Where Staley’s defense is weakest is at ILB where they miss Cory Littleton: Troy Reader (54.6), Micah Kiser (39.6) and Kenny Young (35.1). When the time comes, that’s the unit that the Cardinals will especially need to try to exploit.
This morning I had an exchange of tweets from one of my favorite Cardinals’ fans/pundits, Peter Owusu-Ansah who asked me if the Cardinals “have a shot to split with the Rams this season”:
It's another reason, Peter, why we were so ticked that Keim made no trade for a CB---who is going to cover Kupp and Woods? Can J. Joseph and B. Murphy? Not PP and Dre. Plus, Cards need 4 athletic LBs to stop run, bootlegs, like Reddick, Simmons, Vallejo and Gardeck, but VJ won't.— Walter B J Mitchell (@WBJMItch) November 24, 2020
While the skeptic in me understands your penciling---try to hold tight to your eraser, Peter. All that matters this week is the game at Gillette Stadium. One test at a time.— Walter B J Mitchell (@WBJMItch) November 24, 2020
That’s right—-it’s hard not to try to think ahead to the Rams. I was hoping that Vance Joseph would start working on the defensive game plan versus the Rams back during the bye week—-and maybe (hopefully) he did.
But, the Cardinals need to put all of their focus on the task at hand, which is their game versus the Patriots in Foxborough MA this Sunday at 1 PM EDT.
Were you rooting for the Texans to beat the Patriots last Sunday?
I have always struggled with this question—-do you want to face a team that is coming off a win or a loss?
I have started to wonder whether it’s better to face a team that is coming off of a win, than a loss. Two weeks ago I was very happy that the Seahawks lost to the Rams, particularly with a short week to get ready for the Cardinals. But, as we saw, losses have a way of motivating, re-focusing and galvanizing proud teams.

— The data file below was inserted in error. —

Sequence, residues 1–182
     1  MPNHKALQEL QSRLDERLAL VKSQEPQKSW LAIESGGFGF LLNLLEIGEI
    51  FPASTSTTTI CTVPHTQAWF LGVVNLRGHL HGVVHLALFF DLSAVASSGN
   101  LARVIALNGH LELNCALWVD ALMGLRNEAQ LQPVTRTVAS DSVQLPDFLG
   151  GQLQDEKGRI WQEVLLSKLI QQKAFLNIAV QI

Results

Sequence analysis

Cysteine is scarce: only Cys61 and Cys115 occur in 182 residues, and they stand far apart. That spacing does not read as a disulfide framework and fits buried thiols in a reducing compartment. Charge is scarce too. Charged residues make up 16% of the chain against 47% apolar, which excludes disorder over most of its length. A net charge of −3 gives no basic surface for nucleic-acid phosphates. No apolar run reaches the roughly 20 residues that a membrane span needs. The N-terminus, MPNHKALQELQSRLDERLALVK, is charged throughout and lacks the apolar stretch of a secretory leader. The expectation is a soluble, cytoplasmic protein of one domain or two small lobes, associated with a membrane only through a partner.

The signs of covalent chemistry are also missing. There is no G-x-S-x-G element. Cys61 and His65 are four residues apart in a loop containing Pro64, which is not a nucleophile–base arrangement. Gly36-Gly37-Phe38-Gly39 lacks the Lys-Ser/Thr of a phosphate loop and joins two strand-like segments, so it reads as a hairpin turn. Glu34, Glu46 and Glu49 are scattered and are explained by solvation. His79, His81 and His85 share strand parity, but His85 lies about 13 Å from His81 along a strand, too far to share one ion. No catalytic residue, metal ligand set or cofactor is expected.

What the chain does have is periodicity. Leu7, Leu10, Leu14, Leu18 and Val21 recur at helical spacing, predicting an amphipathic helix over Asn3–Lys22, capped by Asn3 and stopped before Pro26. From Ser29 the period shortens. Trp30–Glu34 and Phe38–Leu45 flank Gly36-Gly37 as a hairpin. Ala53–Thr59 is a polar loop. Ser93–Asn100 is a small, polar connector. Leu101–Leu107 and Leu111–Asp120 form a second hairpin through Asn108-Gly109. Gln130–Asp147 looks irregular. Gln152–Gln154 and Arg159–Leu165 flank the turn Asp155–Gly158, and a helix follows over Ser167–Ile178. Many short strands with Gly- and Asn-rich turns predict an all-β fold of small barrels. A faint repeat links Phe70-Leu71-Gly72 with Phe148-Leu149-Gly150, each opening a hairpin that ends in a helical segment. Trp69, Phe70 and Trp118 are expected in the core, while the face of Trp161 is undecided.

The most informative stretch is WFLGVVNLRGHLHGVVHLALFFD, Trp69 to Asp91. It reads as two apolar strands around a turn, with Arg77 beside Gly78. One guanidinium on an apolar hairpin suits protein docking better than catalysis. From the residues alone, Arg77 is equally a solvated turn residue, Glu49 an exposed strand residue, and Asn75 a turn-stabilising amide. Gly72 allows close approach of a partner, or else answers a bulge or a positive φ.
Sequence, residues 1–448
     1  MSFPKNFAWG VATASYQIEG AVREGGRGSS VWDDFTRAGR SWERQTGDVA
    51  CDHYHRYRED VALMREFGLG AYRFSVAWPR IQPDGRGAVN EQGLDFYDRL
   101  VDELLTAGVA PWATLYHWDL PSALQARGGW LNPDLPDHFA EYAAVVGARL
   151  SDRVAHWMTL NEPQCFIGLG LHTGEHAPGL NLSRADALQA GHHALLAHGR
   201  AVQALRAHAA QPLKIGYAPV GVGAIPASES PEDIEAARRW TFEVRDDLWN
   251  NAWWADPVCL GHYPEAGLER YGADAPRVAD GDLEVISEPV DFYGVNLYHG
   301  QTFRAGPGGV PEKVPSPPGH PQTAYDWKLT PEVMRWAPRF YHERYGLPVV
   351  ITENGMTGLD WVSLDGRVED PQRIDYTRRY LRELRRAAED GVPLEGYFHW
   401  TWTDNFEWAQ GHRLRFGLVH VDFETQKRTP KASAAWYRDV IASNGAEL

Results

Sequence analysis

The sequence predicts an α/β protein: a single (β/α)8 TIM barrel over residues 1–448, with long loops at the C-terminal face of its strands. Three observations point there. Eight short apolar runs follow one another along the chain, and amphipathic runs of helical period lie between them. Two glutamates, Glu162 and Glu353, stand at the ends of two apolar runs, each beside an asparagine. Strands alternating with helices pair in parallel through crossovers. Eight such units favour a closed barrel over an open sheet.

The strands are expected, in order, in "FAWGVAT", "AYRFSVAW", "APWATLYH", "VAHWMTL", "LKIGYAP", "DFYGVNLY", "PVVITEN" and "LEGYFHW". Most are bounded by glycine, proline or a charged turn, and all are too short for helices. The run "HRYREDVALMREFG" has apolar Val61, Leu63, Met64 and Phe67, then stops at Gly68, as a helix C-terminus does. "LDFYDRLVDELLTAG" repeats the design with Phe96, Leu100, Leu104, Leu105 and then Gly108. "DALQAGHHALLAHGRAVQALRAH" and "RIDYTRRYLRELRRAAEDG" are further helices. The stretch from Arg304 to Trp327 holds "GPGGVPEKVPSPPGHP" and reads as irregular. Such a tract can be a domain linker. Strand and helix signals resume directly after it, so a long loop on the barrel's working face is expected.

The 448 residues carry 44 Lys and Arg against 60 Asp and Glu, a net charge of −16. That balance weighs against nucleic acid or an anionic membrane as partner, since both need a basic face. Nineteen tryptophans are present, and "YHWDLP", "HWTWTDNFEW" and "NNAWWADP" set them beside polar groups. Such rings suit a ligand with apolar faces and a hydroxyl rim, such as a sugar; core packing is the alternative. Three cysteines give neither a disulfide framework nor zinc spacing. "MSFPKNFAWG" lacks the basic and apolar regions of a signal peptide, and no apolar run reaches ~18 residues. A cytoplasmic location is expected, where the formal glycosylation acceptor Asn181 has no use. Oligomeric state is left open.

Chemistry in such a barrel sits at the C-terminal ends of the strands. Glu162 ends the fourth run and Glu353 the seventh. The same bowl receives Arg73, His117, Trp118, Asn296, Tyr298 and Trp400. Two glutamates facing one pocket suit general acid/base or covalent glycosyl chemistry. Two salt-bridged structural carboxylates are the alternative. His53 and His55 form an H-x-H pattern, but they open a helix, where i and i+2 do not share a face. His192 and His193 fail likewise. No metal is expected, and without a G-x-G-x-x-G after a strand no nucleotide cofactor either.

Which is why I am very impressed with how Pete Carroll and Ken Norton, Jr. game planned for the Cardinals. They are the first team that has shown some success in zoning and stringing out Kyler Murray’s designed runs. The Dolphins also used the Seahawks’ zone scheme to do the same—-as will Bill Belichick.
Yesterday on Burns and Gambo, they asked Kliff Kingsbury if he stopped calling designed runs for Kyler Murray versus the Seahawks in light of Murray’s sore shoulder. While Coach said yes, they wanted to keep Kyler out of harm’s way as much as possible, he also indicated how well the Seahawks were defending the running lanes against Kyler.
Therefore, one of Kliff Kingsbury’s and Kyler Murray’s main challenge this week is finding creative ways of exploiting the Seahawks-esque zones that were effective in the two Cardinals’ losses since the bye week.
But on the defensive of the ball, maybe the Cardinals can put to good use what the Seahawks’ defense was able to do to turn its fortunes around. Pete Carroll and Ken Norton Jr. had their defense playing faster and more alertly than we had seen from them all year.
This is my hope for the Cardinals’ defense, starting with this Sunday’s game at Gillette. it would be a fresh wind of hope to see a revitalized Cardinals’ defense that plays faster and more alertly than what we have been seeing for several weeks now.